top cx logo
cx logo
Explorearrow down
search icon
Explore
arrow down

‘A la Saint-Glinglin’: Our French expression of the week

This phrase is useful for people who tend to procrastinate or make empty promises

We look at a French expression which in English would translate to ‘when pigs fly’ Pic: ntkris / Shutterstock

This week we are looking at a French phrase which can be used in any context and which refers to an eventuality which will never realistically happen. 

France’s Catholic heritage means that every day of the year is associated with one saint or another – with some being better known than others – but one such saint appears to nestle in the gaps between days, never being pinned down to one in particular. 

La Saint-Glinglin’ is a fictitious day which is used to refer to a distant, even impossible event, which in English might happen ‘when pigs fly’. 

So, if you tell someone that you are going to do something ‘à la Saint-Glinglin’ you are pushing it back to a date that does not exist, and will never fulfil your promise.

However, if the person you are talking to does not know about the expression, they might believe that they can expect the task to be completed at some point in the near future. 

Saint-Glinglin is derived from the words ‘seing glin’, seing meaning ‘sign’ and glin referring to the sound of clocks indicating that a certain time has come. 

It is thought that in this case, the clocks would be signalling the arrival of the Apocalypse, rather than the everyday passing of time. 

In French, one might also say: ‘renvoyer aux calendes grecques’ (to postpone something indefinitely) ‘quand les poules auront les dents’ (literally: when chickens have teeth) or ‘à la semaine des quatre jeudis’ (literally: on a week with four Thursdays) or ‘au 30 février’ (on February 30).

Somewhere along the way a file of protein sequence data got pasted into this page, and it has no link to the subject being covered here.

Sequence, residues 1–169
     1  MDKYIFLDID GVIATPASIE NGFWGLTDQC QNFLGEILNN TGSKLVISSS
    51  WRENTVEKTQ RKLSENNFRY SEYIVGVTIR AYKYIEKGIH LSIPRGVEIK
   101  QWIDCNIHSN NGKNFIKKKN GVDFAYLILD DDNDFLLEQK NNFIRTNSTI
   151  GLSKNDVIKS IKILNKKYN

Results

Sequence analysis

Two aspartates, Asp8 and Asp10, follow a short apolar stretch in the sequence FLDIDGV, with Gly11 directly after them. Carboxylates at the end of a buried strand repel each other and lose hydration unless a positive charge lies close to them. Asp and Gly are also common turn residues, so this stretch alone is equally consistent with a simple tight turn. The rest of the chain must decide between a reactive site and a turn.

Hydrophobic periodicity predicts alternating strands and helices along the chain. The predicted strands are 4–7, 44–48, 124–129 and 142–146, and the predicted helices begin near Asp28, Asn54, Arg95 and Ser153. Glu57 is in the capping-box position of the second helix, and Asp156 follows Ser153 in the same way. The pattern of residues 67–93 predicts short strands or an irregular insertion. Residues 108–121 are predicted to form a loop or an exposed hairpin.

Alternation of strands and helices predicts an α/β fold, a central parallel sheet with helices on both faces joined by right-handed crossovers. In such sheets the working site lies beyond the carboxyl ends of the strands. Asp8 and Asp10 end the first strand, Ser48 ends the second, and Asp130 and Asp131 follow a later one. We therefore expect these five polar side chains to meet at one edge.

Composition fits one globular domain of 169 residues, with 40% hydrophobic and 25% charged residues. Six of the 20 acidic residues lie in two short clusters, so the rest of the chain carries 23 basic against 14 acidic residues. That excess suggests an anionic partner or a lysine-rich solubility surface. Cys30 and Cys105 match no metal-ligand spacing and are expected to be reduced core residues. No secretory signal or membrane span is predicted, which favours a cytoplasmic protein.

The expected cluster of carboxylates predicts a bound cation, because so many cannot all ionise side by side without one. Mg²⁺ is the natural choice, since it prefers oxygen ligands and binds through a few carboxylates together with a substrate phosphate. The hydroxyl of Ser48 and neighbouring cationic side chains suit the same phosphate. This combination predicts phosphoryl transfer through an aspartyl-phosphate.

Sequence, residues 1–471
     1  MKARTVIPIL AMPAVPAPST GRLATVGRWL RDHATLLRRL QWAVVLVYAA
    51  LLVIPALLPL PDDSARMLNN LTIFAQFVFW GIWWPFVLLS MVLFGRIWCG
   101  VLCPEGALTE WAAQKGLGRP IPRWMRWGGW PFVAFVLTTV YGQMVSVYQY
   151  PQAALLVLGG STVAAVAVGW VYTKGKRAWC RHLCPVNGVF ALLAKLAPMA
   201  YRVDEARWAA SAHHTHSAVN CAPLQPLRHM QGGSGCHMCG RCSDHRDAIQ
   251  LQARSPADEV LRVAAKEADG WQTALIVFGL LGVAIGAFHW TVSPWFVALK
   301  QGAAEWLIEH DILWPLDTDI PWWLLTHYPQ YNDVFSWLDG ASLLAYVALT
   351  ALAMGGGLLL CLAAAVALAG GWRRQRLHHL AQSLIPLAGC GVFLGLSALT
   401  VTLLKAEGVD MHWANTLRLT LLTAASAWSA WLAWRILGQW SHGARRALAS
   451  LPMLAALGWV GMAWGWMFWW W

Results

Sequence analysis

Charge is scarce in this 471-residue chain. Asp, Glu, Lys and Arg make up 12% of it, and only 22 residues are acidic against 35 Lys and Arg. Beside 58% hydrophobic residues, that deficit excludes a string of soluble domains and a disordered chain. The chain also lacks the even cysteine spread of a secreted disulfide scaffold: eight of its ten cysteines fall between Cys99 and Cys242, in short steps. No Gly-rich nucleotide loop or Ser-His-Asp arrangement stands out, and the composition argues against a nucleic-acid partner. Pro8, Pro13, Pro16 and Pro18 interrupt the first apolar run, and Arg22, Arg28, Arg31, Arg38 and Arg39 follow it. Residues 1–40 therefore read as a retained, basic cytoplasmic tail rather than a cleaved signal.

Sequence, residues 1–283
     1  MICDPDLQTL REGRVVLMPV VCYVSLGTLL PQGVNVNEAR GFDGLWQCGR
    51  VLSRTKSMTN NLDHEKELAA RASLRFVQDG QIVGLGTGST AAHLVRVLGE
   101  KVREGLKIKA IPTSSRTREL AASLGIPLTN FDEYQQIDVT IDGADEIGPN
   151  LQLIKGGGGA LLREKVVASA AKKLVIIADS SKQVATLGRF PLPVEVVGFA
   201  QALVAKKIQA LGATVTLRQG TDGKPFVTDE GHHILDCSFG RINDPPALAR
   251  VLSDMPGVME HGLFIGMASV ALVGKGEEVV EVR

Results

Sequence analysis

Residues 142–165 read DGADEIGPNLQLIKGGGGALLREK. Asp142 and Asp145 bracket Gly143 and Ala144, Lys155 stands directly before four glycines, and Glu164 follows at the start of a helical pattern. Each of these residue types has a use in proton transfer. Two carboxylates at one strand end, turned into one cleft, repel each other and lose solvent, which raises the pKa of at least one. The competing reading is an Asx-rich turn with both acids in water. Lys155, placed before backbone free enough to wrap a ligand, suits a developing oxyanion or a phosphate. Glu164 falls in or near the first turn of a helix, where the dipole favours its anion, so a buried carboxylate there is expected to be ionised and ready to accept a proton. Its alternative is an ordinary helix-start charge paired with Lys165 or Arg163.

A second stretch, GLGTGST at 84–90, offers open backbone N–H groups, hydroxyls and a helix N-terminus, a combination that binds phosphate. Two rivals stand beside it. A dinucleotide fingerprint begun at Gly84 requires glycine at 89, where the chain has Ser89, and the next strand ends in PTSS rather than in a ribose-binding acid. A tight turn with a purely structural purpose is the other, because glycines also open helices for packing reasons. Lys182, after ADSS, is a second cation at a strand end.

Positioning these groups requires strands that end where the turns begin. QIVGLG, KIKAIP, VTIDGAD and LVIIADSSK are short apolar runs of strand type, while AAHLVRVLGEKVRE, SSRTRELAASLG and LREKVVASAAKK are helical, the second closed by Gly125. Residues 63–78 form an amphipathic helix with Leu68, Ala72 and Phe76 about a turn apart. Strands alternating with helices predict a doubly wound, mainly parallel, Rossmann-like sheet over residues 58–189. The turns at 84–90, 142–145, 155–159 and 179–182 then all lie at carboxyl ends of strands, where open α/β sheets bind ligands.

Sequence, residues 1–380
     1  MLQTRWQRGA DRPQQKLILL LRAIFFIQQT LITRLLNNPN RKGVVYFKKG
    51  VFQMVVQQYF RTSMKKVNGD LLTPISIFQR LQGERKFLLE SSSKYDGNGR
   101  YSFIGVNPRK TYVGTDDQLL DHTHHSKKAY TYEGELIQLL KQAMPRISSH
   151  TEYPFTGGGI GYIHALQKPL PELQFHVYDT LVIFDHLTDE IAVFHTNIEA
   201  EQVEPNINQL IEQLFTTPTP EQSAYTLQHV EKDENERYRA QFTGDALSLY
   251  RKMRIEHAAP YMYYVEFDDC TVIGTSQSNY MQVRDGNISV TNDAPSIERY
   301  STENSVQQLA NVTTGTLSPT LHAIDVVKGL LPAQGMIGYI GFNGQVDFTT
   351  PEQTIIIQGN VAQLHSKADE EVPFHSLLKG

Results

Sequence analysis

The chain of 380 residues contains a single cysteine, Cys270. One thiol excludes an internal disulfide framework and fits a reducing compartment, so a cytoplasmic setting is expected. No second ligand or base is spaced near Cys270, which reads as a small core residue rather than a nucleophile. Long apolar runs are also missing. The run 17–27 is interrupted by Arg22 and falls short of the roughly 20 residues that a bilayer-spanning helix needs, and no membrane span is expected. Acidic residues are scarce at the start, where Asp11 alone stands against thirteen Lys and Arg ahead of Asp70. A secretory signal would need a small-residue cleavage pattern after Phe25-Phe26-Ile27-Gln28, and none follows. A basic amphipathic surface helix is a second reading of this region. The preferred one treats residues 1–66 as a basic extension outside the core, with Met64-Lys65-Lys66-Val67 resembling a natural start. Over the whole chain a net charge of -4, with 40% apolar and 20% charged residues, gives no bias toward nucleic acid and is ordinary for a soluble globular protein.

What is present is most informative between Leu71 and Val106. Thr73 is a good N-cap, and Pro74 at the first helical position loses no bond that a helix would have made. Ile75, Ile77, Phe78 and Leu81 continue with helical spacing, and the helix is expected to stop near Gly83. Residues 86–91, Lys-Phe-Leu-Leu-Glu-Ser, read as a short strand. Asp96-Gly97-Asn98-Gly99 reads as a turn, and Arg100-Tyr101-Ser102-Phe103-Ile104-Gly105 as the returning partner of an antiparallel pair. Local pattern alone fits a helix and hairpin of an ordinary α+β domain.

Some historical French legal documents reportedly make reference to Saint-Glinglin, for example, when someone taking out a loan promised to repay the sum ‘à la Saint-Glinglin’. 

The lender supposedly took the borrower to court, which ruled that they pay on Toussaint (All Saints’ Day), which – as the name suggests – celebrates all saints, known and unknown. 

It is not known if this tale relates to real events, or whether it is just a story.

Although fictitious, Saint-Glinglin is actually celebrated in Prenay (Loir-et-Cher) on the last Saturday in August. 

On this day, a straw doll representing Saint Glinglin is paraded through the village on a cart and then burnt on a bonfire.

Related articles 

‘Montrer patte blanche’: French fairytale phrase for trustworthiness

‘Déçu en bien’: how to use this ironic French phrase about praise

‘Un temps de Toussaint’: Our French expression of the week

Resident or second-home owner in France?
Benefit from our daily digest of headlines and how-to's to help you make the most of life in France
By joining the newsletter, you agree to our Terms & Conditions and Privacy Policy
See more popular articles
The Connexion Help Guides
featured helpguide
Visa and residency cards for France*
Featured Help Guide
- Visas and residency cards (cartes de séjour) for France help guide - Understand when visas and residency cards are required to move to France or come for an extended stay - Applies to Britons (post-Brexit) and to all other non-EU/non-EEA/Swiss nationalities - Useful to anyone considering a move to France, whether for work or otherwise, or wanting to spend more than three months at their French second home
Get news, views and information from France
You have 2 free subscriber articles left
Subscribe now to read unlimited articles and exclusive content
Already a subscriber? Log in now